Sports betting law sparks talk of launch, use of revenues

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FRANKFORT, Ky. — Gov. Andy Beshear promised an accelerated push Friday to get sports wagering started in Kentucky, saying he’d like to see the system set up in time for the upcoming NFL season if possible.

While the Democratic governor discussed the timeframe for launching sports betting, a Republican vying for his job talked about what he’d like to do with tax money collected from the wagers. GOP gubernatorial candidate Alan Keck proposed redirecting most of it to bolster school safety. Keck is among a pack of GOP candidates competing to challenge Beshear in this year’s fall campaign.

The remarks come days after a bill to legalize sports betting won final passage in the state’s GOP-dominated legislature, after years of failure. Beshear signed the bill soon after it reached his desk.

Attention now turns to the grind of setting up the framework to regulate sports wagering.

“The people are really excited about this, so we want to get it up and going as quickly as we can but also to do it right,” Beshear said at his weekly news conference Friday.

Lawmakers assigned the Kentucky Horse Racing Commission to regulate sports betting operations.

In setting up its system, Kentucky will examine the “best practices” used in other states with established sporting betting operations, the governor said.

“We’re not the first person to build this wheel,” he said.

Beshear avoided offering specific dates for launching sports betting in the Bluegrass State, but pointed to the start of the NFL season when discussing the timetable in broad terms.

“I would really like to have it ahead of that first NFL game, knowing that that is a big starting date for people,” the governor said.

The NFL’s regular season opens in early September, when the fall campaign for governor will be heating up. The formal launch of sports betting is certain to get considerable statewide attention, and Beshear‘s supporters see it as a big win for the governor, who advocated for legal sports betting for years. His bill signing turned into a celebration among the bill’s supporters. The governor’s GOP detractors say the governor has little to no sway in a legislature with Republican supermajorities.

Meanwhile, Keck offered his plan Thursday for funneling future sports betting revenues into school safety initiatives.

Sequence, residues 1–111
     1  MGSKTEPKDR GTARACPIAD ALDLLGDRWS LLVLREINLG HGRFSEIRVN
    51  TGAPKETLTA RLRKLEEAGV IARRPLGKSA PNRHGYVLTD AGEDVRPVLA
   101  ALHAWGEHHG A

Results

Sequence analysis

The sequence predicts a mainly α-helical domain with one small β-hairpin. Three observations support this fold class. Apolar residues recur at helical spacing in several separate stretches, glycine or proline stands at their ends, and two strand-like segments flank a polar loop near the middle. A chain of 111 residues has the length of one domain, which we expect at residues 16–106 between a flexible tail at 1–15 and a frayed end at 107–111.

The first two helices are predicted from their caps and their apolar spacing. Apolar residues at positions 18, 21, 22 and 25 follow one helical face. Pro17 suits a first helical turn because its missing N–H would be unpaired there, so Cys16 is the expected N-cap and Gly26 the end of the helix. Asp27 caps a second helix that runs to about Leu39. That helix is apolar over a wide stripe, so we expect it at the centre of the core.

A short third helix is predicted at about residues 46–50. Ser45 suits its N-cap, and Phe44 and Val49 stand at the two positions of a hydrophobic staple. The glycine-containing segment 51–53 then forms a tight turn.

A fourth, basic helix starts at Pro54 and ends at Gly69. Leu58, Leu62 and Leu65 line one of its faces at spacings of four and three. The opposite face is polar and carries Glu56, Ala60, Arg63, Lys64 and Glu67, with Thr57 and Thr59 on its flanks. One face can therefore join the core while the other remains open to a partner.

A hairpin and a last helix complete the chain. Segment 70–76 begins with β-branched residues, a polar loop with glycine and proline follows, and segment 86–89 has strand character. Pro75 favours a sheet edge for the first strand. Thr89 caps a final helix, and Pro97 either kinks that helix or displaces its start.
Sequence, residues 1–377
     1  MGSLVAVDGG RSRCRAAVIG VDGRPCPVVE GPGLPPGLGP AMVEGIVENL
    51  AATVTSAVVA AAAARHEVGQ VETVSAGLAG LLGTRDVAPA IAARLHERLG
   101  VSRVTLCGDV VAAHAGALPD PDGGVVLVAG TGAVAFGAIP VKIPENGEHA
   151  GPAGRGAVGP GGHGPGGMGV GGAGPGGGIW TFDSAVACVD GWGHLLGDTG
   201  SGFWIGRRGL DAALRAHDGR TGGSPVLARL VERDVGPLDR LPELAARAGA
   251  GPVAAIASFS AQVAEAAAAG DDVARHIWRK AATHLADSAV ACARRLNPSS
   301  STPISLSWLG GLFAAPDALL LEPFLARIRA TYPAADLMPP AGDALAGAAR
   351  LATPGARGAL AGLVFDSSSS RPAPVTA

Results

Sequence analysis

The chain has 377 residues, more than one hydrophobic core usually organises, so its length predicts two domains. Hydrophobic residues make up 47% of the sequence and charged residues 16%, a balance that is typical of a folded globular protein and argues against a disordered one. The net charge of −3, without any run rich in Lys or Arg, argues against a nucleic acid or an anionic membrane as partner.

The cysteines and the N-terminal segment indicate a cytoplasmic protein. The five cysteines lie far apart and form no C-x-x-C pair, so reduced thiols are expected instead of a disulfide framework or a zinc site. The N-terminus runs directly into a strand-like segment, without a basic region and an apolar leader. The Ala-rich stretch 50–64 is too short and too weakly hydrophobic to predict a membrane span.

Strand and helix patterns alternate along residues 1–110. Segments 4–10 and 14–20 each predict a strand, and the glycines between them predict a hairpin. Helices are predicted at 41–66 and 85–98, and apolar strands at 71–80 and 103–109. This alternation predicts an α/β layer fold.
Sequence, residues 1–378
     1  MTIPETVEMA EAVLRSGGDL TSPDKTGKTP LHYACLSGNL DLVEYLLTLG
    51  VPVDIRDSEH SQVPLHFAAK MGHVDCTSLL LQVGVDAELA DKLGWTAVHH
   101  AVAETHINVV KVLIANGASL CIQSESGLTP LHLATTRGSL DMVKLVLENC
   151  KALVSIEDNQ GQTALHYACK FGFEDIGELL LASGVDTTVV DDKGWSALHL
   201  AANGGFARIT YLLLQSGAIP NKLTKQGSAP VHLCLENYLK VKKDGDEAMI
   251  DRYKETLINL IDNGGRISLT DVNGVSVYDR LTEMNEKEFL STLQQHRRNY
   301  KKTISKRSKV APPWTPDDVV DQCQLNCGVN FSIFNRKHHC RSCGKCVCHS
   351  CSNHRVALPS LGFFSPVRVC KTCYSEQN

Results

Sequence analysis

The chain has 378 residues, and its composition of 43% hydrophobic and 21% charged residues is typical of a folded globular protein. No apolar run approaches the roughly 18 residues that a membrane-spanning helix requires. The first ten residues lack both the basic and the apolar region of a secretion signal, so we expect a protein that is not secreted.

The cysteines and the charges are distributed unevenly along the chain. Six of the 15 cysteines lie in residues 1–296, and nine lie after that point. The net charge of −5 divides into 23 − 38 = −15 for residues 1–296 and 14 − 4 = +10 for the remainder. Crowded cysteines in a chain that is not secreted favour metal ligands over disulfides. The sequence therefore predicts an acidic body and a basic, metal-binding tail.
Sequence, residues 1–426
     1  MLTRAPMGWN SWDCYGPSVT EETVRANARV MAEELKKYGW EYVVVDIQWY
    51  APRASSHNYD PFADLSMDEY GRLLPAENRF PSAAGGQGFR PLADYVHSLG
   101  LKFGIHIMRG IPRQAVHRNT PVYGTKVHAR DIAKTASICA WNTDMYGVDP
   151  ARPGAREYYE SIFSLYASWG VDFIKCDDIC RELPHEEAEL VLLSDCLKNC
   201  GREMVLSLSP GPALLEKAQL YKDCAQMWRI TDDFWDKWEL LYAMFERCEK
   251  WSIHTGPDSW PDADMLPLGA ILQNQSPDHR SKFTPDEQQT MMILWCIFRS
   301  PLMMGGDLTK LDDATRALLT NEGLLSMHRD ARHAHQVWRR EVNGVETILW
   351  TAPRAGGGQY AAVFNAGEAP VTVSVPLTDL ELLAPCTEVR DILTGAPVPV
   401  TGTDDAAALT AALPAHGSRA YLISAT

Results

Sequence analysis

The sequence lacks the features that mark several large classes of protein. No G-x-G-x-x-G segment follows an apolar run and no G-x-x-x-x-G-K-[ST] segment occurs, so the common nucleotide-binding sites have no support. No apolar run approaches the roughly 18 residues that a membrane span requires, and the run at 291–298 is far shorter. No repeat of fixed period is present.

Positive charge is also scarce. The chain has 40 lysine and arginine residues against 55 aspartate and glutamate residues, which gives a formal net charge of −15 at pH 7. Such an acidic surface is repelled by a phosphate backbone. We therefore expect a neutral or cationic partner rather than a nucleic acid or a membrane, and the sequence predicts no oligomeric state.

“There is simply nothing more important than ensuring that our kids, our teachers and our administrators get home safe every day,” Keck said while unveiling his plan on social media.

Keck, the mayor of Somerset in southern Kentucky, also proposed policies to encourage military veterans to serve as school resource officers to help bolster security in Kentucky schools.

Last month, a former student shot through the doors of a Christian elementary school in Nashville, Tennessee, killing three children and three adults. The massacre at The Covenant School was the latest in a series of mass shootings in a country that’s grown increasingly unnerved by bloodshed in schools.

Republican state Sen. Max Wise, the running mate of another GOP Kentucky gubernatorial candidate, Kelly Craft, has been at the forefront of legislative efforts to bolster school safety.

Sports wagering in Kentucky is estimated to generate about $23 million a year in revenue, though some supporters predict higher amounts. Under the law, most revenue will go to the state public pension system. Keck wants to redirect most of that tax money to school safety instead.

The new law will allow Kentucky’s horse racing tracks to be licensed as sports betting facilities for a $500,000 upfront fee and an annual renewal cost of $50,000.

Participating tracks can contract with up to three service providers for sports wagering services at the track itself, or through online sites and mobile applications. Service providers will have to pay $50,000 for an initial license and $10,000 a year to renew.

Twelve candidates in all are competing for the Republican nomination for governor in Kentucky’s May primary. Beshear is seeking reelection to a second term, in a campaign drawing national attention to see if the popular incumbent can overcome his party’s struggles in the GOP-trending state.

Copyright © 2023 The Washington Times, LLC.

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